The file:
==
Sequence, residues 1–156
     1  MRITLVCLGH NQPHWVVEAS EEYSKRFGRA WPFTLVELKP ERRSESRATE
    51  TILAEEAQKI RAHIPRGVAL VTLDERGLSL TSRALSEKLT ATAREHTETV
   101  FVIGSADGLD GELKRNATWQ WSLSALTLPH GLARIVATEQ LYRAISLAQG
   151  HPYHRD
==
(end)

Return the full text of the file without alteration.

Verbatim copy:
Sequence, residues 1–156
     1  MRITLVCLGH NQPHWVVEAS EEYSKRFGRA WPFTLVELKP ERRSESRATE
    51  TILAEEAQKI RAHIPRGVAL VTLDERGLSL TSRALSEKLT ATAREHTETV
   101  FVIGSADGLD GELKRNATWQ WSLSALTLPH GLARIVATEQ LYRAISLAQG
   151  HPYHRD